Observation 195775: Pseudocyphellaria Vain.
When: 2015-01-01
No herbarium specimen

Notes: Growing amongst moss under Nothofagus trees

Proposed Names

0% (2)
Eye3
Recognized by sight
61% (2)
Eyes3
Recognized by sight
28% (1)
Recognized by sight: I’m interpreting it as: medulla and pseudocyphellae white, algae green (tried cyanobacteria, too, just in case, but doesn’t work well in key), surface glabrous (looks like it’s tomentose near apothecia, but that could be pruina, not tomentum, and if you try assuming it is tomentose, it again doesn’t work well)
Used references: Galloway, D.J. 1992. Studies in Pseudocyphellaria (lichens_ III. The South American species. Bibliotheca Lichenologica 46.
0% (2)
Recognized by sight

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Eye3 = Observer’s choice
Eyes3 = Current consensus

Comments

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Jason, only your Lynx eyes …
By: zaca
2015-01-09 14:33:57 PST (-0800)

would be able to see so small pseudocyphellae in this photo; But I have to surrender to the evidence of your explanation and the attached image. No further doubts about the existence of pseudocyphellae!

Okay, it’s not that clear…
By: Jason Hollinger (jason)
2015-01-08 18:42:17 PST (-0800)

But this is what I’m looking at (see photo below). These white marks are, I think, clearly on the underside of the lobes, therefore unlikely to be budding apothecia. I’ll grant that we can’t rule out full-on cyphellae from these photos, but I remember that none of the Sticta in southern Chile look anything like this. In the northern Andes, on the other hand, Sticta would be my first guess. Anyway, that’s why I’m going with Pseudocyphellaria.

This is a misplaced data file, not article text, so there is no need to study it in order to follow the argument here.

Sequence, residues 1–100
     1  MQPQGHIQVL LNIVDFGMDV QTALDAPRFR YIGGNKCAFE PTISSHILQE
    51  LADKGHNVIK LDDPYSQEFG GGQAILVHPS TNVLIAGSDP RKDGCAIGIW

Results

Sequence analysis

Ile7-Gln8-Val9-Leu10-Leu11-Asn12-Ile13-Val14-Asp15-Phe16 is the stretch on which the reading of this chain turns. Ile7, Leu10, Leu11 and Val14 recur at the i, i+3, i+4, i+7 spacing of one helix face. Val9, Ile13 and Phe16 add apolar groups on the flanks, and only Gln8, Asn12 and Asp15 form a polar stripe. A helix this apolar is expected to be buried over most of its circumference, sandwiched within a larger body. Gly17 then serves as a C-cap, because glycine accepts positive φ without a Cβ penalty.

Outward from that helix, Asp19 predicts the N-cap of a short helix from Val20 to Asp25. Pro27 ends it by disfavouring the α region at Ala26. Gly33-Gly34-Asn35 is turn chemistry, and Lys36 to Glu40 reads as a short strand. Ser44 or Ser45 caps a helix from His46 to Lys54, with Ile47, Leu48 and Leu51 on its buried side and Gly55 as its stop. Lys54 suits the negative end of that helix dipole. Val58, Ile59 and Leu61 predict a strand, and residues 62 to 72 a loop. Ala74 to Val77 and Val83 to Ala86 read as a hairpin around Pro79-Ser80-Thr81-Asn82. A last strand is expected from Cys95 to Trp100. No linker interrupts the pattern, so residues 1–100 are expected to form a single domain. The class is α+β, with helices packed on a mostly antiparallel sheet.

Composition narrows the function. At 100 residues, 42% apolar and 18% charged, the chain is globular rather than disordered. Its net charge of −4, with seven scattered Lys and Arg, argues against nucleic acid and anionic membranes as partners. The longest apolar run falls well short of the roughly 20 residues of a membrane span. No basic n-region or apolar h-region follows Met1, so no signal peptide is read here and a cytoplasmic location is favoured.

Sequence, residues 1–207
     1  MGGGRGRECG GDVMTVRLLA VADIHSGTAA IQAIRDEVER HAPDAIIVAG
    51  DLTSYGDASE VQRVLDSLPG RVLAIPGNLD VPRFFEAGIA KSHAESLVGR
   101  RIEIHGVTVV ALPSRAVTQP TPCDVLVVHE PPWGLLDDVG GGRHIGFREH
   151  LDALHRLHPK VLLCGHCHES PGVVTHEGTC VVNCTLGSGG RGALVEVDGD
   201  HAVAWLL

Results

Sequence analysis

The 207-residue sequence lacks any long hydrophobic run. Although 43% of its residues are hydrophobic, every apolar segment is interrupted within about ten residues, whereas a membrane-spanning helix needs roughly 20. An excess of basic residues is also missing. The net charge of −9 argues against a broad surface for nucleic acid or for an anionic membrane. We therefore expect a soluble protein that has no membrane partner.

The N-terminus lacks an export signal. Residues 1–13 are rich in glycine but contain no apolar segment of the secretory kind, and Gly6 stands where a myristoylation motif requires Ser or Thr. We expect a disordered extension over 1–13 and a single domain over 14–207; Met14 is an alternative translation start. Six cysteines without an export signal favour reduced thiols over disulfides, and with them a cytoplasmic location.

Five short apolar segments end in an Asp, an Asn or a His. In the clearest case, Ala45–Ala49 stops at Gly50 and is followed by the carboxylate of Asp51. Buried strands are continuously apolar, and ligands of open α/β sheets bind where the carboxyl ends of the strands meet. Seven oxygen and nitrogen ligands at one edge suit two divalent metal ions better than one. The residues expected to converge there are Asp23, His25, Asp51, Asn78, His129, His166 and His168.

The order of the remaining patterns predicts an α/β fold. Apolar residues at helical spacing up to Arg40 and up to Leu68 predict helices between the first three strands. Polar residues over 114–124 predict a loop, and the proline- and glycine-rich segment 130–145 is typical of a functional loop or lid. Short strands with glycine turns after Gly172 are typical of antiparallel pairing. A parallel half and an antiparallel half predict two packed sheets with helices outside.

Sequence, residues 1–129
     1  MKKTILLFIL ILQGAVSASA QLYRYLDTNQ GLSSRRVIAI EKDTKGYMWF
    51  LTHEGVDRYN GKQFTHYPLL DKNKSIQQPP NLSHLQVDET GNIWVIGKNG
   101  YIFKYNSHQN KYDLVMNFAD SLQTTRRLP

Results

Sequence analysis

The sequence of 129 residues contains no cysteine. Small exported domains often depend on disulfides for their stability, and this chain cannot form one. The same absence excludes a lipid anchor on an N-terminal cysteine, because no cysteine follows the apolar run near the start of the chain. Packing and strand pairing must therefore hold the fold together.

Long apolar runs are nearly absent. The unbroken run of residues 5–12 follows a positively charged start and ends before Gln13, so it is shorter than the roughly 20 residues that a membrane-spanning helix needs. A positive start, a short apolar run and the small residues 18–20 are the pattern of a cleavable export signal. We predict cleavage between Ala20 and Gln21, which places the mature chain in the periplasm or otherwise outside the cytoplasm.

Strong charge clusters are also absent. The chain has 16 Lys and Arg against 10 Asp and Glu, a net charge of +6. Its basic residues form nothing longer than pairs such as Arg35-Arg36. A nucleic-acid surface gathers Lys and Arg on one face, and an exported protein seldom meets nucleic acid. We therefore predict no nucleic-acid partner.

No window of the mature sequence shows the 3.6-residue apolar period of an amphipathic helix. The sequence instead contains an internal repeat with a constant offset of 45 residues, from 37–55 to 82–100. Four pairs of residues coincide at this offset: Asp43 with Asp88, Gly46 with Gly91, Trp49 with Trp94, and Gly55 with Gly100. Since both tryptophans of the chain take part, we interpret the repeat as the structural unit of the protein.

Something else came to my attention recently. The species Pseudocyphellaria vaccina is supposed to have yellow pseudocyphellae underneath, but I noticed in another key that it is keyed out both with white and yellow pseudocyphellae. Meaning, presumably, that it can be a subtle character in that species, so we shouldn’t rule it out based on this photo. I’m going to vote the species down in favor of the genus.

I was unable to see any …
By: zaca
2015-01-08 01:31:27 PST (-0800)

pseudocyphallae in this photo. The raised things you mention were interpreted as younger and forming apothecia. Unfortunately, I don’t know either species. Thanks, Jason, for clarifying things.

I think you can see raised pseudocyphellae
By: Jason Hollinger (jason)
2015-01-07 21:23:55 PST (-0800)

pretty clearly under the lobes amid the brownish-grayish tomentum when you zoom in on the original image. (Otherwise, yes! this has an uncanny resemblance to the northern Lobaria quercizans…)

Created: 2015-01-07 06:16:38 PST (-0800)
Last modified: 2015-01-09 14:34:30 PST (-0800)
Viewed: 46 times, last viewed: 2015-12-09 01:53:33 PST (-0800)
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